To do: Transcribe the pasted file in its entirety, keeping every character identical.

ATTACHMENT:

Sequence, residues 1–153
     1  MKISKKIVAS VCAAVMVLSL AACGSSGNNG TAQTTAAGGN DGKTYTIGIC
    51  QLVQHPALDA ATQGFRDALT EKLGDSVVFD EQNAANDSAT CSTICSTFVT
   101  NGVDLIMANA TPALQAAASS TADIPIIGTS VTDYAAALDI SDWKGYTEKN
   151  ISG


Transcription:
Sequence, residues 1–153
     1  MKISKKIVAS VCAAVMVLSL AACGSSGNNG TAQTTAAGGN DGKTYTIGIC
    51  QLVQHPALDA ATQGFRDALT EKLGDSVVFD EQNAANDSAT CSTICSTFVT
   101  NGVDLIMANA TPALQAAASS TADIPIIGTS VTDYAAALDI SDWKGYTEKN
   151  ISG